September 24, 2009
Fall Wine Sales: A Look at how the market is fairing in its second tough year
by Liza B. Zimmerman
Seventeen percent of annual table wine dollar sales happen in the crucial fourth quarter sales period, according to a Nielsen Company report ending January 3, 2009. Twenty percent of table wine sales of $20 and over also occur in that period. As we move into another autumn in a weak economy the outlook of a couple key professionals is slightly more upbeat than expected in some surprising ways.
Eugenia Keegan, president of the Portland, Oregon-based wholesaler Henry Wine Group of Oregon, said her sales are up three points over last fall. She potentially attributed the increase to the positive aftereffects of consolidation. "The transition has happened and the restaurants that are going out of business are out of business."
She called the current wine sales climate "an appropriate adjustment to the market," and added that the businesses that are active now are very active. She noted "we are buying product and ….wine is moving through."
"People are spending on value [wine] and expensive stuff," seconded Sean Diggins, wine director at Mediterranean restaurant Gitane and bistro Café Claude, both in San Francisco.
"Fall wine sales are definitely picking up," added Jean-Pierre Etcheberrigaray, vice president of food and beverage, The Americas, for the Atlanta-based InterContinental Hotel Group, which has approximately 100 hotel properties in the United States. "Last year, at this time, we were experiencing an economic downtown and people definitely panicked. This year things have calmed down and wine sales are increasing."
The view from some the retail front of was not as rosy. The market "is softer this fall than last," noted David Jabour, president of the Austin, Texas-based 58-location Twin Liquors retail chain.
Key Pricing Remains Steady
For more than a year the hottest price point has continued to hover around $9.99 retail, according to Keegan and others. "We are seeing a gradual shift to $14.99 and [buyers who are] more interested in wines wholesaling in the teens," she added.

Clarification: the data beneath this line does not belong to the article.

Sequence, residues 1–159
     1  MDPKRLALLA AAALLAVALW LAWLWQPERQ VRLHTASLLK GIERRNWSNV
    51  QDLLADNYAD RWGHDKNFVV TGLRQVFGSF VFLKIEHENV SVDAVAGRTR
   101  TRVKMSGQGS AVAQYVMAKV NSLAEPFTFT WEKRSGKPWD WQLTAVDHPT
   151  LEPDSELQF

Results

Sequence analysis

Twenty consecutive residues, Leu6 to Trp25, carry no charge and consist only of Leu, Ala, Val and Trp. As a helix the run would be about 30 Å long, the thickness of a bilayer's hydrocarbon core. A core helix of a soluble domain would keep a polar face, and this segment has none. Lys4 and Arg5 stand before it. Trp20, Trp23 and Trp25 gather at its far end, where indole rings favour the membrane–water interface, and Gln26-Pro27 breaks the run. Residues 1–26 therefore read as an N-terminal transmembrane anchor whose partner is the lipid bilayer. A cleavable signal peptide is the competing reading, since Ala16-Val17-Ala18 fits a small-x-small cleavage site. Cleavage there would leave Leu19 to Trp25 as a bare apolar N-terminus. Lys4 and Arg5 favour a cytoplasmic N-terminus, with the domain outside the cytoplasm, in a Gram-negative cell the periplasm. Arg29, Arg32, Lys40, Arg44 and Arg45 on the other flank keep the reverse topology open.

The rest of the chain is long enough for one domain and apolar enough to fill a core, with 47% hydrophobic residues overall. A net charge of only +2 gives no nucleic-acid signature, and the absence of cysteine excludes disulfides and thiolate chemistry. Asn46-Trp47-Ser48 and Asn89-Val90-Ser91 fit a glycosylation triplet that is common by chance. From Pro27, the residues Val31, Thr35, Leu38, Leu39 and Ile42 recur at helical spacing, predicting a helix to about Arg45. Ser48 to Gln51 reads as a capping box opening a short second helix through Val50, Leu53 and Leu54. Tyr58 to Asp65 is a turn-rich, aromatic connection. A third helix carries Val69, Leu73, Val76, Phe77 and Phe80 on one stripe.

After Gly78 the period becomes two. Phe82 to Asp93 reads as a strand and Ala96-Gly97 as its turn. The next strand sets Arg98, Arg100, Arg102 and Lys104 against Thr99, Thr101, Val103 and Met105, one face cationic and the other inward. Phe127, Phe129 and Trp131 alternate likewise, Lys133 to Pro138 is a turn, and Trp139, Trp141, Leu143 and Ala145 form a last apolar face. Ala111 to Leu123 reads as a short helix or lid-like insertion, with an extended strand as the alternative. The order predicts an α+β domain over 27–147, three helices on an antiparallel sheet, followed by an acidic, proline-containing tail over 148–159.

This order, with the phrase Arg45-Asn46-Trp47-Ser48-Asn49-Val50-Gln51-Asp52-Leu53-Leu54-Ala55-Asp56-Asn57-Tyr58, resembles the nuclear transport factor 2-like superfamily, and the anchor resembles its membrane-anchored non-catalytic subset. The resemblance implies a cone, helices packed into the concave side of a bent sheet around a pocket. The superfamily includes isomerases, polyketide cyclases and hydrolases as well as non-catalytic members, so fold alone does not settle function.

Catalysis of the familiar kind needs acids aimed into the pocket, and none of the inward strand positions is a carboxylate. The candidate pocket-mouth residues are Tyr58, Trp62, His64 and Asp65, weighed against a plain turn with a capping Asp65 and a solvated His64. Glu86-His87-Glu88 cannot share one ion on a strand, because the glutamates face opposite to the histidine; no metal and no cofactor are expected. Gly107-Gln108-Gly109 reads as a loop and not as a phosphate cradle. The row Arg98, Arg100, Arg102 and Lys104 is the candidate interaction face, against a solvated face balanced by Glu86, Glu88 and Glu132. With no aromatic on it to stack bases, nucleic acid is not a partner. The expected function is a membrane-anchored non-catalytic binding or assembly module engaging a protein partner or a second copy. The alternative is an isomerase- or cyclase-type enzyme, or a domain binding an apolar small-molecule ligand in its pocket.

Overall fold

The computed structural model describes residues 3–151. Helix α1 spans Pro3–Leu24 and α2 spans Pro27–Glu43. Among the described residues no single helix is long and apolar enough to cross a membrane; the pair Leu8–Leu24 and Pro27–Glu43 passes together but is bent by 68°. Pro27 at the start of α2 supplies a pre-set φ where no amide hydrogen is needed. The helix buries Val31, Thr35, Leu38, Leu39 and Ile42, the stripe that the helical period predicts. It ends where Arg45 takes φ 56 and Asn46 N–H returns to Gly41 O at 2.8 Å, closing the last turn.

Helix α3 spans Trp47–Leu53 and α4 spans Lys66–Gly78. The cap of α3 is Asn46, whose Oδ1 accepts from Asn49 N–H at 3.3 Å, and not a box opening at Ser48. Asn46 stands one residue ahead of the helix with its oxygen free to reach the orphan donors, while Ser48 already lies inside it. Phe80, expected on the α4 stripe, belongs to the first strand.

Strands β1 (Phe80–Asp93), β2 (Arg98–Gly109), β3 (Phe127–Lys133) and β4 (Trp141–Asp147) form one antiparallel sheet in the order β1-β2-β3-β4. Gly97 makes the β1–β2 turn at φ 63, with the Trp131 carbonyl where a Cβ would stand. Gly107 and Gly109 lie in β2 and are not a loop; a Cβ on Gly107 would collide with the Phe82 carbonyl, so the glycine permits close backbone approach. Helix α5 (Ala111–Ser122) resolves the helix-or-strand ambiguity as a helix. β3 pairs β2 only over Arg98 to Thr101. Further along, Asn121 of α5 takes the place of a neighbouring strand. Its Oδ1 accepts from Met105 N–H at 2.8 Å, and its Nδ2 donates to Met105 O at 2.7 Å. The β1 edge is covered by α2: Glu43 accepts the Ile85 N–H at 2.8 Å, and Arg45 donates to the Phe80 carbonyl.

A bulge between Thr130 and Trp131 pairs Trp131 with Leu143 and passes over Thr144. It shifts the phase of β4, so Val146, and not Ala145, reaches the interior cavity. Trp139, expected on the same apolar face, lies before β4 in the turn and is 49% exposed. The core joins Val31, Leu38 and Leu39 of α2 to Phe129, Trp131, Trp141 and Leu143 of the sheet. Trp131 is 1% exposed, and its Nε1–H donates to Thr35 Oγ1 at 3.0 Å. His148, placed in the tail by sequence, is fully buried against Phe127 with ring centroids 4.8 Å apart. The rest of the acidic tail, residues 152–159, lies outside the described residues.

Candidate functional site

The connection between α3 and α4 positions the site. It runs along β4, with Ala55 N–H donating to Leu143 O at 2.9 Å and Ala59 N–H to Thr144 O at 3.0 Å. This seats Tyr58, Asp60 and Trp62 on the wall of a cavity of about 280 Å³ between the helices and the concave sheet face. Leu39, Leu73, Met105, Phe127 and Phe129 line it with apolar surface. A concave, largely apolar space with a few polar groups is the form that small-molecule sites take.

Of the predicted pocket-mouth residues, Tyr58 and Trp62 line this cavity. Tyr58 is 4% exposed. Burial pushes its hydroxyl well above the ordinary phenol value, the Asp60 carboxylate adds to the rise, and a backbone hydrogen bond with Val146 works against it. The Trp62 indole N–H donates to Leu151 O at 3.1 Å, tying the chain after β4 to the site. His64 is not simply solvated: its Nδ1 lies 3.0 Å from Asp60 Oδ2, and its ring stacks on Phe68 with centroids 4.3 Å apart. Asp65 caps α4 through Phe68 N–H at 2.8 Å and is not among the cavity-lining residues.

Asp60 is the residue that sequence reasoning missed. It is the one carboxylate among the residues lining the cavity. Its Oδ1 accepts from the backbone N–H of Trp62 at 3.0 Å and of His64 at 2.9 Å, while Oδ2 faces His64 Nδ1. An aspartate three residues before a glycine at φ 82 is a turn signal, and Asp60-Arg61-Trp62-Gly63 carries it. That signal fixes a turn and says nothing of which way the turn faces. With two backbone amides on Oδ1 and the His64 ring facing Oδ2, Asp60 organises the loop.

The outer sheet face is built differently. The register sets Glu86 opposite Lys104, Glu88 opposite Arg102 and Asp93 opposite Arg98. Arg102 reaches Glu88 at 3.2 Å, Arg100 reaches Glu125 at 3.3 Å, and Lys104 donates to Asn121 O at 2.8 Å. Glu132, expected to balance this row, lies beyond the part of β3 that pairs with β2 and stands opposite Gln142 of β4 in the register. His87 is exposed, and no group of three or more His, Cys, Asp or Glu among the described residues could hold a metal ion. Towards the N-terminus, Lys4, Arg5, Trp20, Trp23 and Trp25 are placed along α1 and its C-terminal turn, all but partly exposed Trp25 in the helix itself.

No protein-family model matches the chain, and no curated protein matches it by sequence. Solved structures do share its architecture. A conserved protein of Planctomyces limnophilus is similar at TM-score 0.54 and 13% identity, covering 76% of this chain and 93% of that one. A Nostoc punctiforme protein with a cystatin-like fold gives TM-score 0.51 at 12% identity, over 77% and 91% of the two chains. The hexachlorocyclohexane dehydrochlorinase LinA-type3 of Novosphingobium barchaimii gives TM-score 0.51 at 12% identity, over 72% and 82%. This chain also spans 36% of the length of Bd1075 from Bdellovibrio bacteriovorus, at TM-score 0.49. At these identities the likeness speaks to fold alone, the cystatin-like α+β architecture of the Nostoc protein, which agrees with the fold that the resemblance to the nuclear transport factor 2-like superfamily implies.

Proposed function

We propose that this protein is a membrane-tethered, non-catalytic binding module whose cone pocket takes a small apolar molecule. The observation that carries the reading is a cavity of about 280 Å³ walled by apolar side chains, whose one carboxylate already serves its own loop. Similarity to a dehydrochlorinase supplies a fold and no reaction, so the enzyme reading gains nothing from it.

"The sweet spot has never changed," in terms of pricing, according to Diggins. He pinpointed that hot price point at a less than moderate $60 to $80 a bottle in the on-premise. "More and more people are realizing that 'value' is not always found in the more inexpensive wines on the list, true value comes from how great a wine can be in many different price points, often a mid range of higher-end wine can offer a greater price to value ratio," concurred Gabriel Varela, sommelier and manager at one-location Miami steakhouse Meat Market.
Regardless of how the economy is doing, the category where restaurants do the most volume is by the glass, Gitane's Diggins explained, and that "price range has never gone up or down from $8 to $12 wholesale." InterContinental's Etcheberrigaray agreed that this price point is one of the most lucrative; noting that the hotel chain's highest volume price points are at $6 to $10 a glass.
Perennial favorites continue to be Argentine and Spanish wines for value, flavor and now even familiarity. Jabour added that domestic wine sales are also still strong and he's seeing value out of the Southern Rhône Valley.
Good Values on the Horizon
While it may be a tough market for operators, retailers and wholesalers it remains a great one for consumers. "Not only are wholesalers clearing out their warehouses, every time we have a recession like this people with higher-priced wines lower their pricing so there's a downward push on pricing. The clear winner is the consumer," said Keegan. "There are good deals and we pass them onto consumers," concurred Jabour.
The new pricing is also a boon for those in the industry. "There are some great deals to be had…. Many wineries, across the world, are dropping prices in order to sell more wine. We reap the benefits of this, as well as being able to buy things that were recently allocated and virtually impossible for typical consumers to procure," said Etcheberrigaray.
He added that the market "is definitely going to definitely lean towards value for money. People are excited about flavor and taste but they want value." He added that "it's going to be a couple of years before we see any major spending, again. And, frankly this is good for the wine business as wine prices… sky rocketed a bit too much. Humility through steady business and value offered will stand the test."
It may be too early in the sales season to really take a temperature on how this fall will compare to last. The spending climate is certainly drastically altered but so is many suppliers' approach to the market in a positive way.
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